In various embodiments, DDLMS 10 further includes a portable electronic device (PED) 72, e.g. a laptop computer, FDA or any other such device, which communicates, preferably wirelessly, with DDMS 20. PED 72 is adapted to access and utilize data stored in fleet data repository 64, published content repository 66, fleet content repository 68 and/or DDMS ESD 48 and also to input data to DDMS 20 to be stored in fleet data repository 64, published content repository 66, fleet content repository 68 and DDMS ESD 48, if desirable. Generally, PED 72 is utilized by maintenance personnel to aid in performing maintenance and repairs to mobile platform 14.
OCS 18 additionally includes a display 38 for illustrating graphical and textual data, forms and other information, and an input device 40 such as a keyboard, mouse, stylus or joy stick for inputting data and information to OCS 18 to be stored on OCS ESD 26, staging area repository 34. In the exemplary embodiment, a set of data, such as configuration data, for example, a flight management navigational database is staged onto staging area repository 34. A message is generated and transmitted such that a user is made aware that the data is staged and ready to load. In some instances a full load of data may not be staged in a single transmission from a source external to the aircraft. Less than a full data load may be staged when the aircraft is not within range of the source for a period of time sufficient to complete the download, the transmission may be interrupted due to higher priority data traffic that needs to be accommodated, or other reasons including a temporary or longer term equipment failure. In such instances, OCS 18 maintains track of the staging progress and may wait for retransmission or may request retransmission to complete the staging of the data. A status of the staging is selectably displayed on display 38.
In the exemplary embodiment, OCS 18 includes an EFB data load function 302 comprising a software code segment that is programmed to emulate an ARINC 615 data loader. In various other embodiments, the code segment is programmed to selectably emulate other avionics data loader models. OCS 18 is communicatively coupled to an EFB data load switch 304 that is configured to switch an output 306 between a first input 308 and a second input 310. First input 308 is communicatively coupled to a hardware dataloader 312 such as an ARINC 615 compliant data loader. Such a data loader is typically temporarily coupled to an avionics line replaceable unit to download data that resides on a plurality of floppy disks readable by dataloader 312. Second input 310 is communicatively coupled to OCS 18. Output 306 is communicatively coupled to an input 314 of an avionics data load switch 316. In the exemplary embodiment, avionics data load switch 316 includes a plurality of selectable outputs 318, 320, 322, 324 each coupled to a respective avionics line replacement unit 326, 328, 330, and 332 respectively. In various other embodiments, other numbers of electronics units are communicatively coupled to respective outputs of avionics data load switch 316.
In one embodiment, OCS 18 is configured to store additional FMC navigational databases that are not in current use. For example, navigation databases for areas not currently being traversed may be stored in OCS 18 for loading at a later time. Such storage permits a virtual expansion of the FMC database memory without triggering recertification procedures, which could be cost prohibitive. By swapping data from OCS 18 to the FMC navigation database using dataloader emulation permits storage and subsequent use of more memory than would otherwise be possible using only the storage certified in the FMC.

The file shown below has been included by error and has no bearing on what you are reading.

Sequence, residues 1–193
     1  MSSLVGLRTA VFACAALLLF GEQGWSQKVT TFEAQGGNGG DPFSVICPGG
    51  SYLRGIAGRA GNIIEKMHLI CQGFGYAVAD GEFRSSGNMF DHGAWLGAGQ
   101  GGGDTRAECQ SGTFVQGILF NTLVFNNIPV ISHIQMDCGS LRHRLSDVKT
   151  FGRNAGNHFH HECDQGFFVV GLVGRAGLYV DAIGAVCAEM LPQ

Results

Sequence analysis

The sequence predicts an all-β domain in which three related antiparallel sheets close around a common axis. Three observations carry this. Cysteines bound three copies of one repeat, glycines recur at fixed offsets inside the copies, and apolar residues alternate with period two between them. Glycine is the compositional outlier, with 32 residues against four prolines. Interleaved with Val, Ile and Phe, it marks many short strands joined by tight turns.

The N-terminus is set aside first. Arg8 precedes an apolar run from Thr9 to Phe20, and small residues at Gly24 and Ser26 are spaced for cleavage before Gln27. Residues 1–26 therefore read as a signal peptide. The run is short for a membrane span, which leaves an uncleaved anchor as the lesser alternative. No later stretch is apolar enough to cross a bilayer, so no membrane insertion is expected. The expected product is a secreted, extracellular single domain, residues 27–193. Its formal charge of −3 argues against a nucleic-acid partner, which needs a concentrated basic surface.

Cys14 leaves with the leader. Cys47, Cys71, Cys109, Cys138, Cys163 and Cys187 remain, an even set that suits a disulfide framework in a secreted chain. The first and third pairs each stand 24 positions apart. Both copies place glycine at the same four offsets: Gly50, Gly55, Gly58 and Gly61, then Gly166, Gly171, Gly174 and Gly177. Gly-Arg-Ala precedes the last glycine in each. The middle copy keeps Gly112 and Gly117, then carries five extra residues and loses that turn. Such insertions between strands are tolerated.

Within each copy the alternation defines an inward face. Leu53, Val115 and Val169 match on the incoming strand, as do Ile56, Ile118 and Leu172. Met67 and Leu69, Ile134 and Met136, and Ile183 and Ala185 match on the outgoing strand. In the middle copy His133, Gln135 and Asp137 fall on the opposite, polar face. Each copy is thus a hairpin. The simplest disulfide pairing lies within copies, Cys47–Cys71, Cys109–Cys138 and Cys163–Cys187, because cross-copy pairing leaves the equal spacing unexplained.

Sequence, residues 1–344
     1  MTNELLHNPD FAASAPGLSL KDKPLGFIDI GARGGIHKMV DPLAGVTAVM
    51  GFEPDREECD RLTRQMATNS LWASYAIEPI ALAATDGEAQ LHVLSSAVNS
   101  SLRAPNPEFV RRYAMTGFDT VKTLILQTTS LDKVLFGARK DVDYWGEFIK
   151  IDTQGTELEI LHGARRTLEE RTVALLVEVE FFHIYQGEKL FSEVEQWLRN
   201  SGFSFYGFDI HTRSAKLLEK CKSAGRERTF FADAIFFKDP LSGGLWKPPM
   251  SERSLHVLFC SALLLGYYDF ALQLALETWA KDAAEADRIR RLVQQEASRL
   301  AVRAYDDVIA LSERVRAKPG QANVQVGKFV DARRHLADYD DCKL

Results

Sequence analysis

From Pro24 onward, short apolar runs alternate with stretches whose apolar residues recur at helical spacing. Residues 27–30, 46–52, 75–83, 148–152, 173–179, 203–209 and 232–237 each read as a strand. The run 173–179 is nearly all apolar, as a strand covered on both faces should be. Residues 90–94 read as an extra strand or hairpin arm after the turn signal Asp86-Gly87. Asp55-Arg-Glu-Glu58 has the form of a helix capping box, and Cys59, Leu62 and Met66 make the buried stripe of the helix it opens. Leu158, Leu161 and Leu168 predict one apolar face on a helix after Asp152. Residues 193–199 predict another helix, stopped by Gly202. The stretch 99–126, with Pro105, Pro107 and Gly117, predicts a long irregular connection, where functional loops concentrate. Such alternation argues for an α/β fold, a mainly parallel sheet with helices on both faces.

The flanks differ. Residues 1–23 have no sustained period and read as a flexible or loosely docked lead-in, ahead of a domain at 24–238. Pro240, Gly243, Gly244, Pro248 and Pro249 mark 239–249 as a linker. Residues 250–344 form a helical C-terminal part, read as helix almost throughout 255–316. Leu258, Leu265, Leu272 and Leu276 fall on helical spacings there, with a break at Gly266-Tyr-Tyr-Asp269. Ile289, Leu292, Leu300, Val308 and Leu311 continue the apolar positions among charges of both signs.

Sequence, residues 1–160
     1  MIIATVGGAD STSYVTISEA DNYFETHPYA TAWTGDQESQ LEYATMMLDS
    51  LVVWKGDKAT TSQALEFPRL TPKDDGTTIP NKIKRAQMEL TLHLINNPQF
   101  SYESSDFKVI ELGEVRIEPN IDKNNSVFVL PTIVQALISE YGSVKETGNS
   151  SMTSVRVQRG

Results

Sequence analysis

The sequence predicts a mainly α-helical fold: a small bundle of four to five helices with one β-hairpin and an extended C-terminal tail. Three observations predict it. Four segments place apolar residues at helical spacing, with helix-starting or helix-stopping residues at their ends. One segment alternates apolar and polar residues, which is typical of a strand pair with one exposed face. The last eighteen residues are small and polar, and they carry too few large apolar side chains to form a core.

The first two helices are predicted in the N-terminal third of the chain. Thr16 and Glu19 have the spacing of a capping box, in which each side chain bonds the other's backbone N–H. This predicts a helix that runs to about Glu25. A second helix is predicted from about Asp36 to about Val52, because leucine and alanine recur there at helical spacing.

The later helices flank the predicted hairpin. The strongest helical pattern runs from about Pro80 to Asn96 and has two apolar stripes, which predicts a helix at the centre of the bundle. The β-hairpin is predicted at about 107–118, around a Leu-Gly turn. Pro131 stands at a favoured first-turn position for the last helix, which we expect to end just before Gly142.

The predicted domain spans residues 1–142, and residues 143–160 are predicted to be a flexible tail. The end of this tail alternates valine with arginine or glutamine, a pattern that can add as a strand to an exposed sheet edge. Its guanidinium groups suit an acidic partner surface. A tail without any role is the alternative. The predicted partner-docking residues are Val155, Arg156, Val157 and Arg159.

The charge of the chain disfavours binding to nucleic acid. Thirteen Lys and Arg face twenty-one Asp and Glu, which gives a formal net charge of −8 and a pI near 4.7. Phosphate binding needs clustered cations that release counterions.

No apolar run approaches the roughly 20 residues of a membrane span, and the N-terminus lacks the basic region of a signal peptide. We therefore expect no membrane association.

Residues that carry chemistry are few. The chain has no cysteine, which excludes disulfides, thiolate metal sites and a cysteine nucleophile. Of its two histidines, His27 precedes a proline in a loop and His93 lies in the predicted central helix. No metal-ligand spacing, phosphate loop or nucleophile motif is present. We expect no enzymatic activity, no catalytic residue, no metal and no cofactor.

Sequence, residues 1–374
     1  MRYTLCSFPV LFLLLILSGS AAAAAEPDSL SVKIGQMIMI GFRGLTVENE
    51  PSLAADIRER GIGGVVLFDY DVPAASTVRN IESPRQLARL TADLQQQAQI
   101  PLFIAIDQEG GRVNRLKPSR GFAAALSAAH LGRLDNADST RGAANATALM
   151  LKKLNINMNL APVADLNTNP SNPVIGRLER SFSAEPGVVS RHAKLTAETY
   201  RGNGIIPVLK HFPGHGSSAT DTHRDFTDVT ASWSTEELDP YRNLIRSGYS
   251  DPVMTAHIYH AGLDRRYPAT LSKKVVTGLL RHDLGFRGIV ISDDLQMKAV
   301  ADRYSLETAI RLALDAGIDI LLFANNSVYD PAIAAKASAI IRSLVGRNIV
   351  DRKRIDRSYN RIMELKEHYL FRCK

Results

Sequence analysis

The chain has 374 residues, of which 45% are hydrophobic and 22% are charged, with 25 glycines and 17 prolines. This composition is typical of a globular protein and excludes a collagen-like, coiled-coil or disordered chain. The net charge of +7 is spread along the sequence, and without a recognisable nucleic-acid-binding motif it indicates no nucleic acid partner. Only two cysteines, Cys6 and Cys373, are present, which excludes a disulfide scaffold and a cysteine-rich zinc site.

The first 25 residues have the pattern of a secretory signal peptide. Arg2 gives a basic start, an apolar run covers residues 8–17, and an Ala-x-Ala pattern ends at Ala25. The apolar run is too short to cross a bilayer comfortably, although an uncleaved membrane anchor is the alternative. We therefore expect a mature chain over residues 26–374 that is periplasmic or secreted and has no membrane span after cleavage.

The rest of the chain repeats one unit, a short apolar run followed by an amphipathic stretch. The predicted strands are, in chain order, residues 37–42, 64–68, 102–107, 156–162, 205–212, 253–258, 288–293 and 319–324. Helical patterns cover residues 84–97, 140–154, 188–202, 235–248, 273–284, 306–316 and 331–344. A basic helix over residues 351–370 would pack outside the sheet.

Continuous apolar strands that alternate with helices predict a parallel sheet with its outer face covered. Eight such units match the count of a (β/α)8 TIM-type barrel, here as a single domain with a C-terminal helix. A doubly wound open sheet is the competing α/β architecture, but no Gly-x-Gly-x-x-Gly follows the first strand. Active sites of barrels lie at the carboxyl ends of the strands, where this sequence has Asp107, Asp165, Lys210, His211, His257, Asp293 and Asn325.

Method 400 includes initiating 408 a data load mode on the target LRU, if necessary and entering 410 an EFB Maintenance mode and initiating data loader emulator software which controls the data load function using the EFB display unit. The emulator software enters 412 an ARINC 615 emulation mode and initiates contact with the target LRU. The emulator software transfers 414 the data to the target LRU, acting as an ARINC 615 or other selected data loader. Any error messages received 416 from the target LRU are displayed to the user, who can re-initiate the data transfer if necessary. The ARINC 615 protocol reports 418 a successful data transfer and the EFB Avionics Load function receives the notification and generates a message to report the successful load back to Distributed Data Management System 20 for engineering/maintenance record keeping.
A technical effect of the various embodiments of the present invention described above includes managing aircraft cockpit displays that are controlled by an information system such as an Electronic Flight Bag to receive updates, load data, and inform an entity of a completion of the data loading task in a timely fashion for time critical data transfers.
The above-described methods and systems for managing computer system configuration data are cost-effective and highly reliable. The system collects avionics data load and updates and holds this data in the EFB for future appropriate data loading to a selectable avionics system. Once the user receives a notification that a software load was staged from the DDM, the user transmits a message to the aircraft with the engineering paperwork and executes the load. The EFB emulates an ARINC 615A or other data loader. After indication of a successful data loading, which is received from the target avionics system via the ARINC 615 protocols, a message is sent to notify the airline engineering department that the software was loaded. The method facilitates maintenance, navigation and situation awareness in a cost-effective and reliable manner.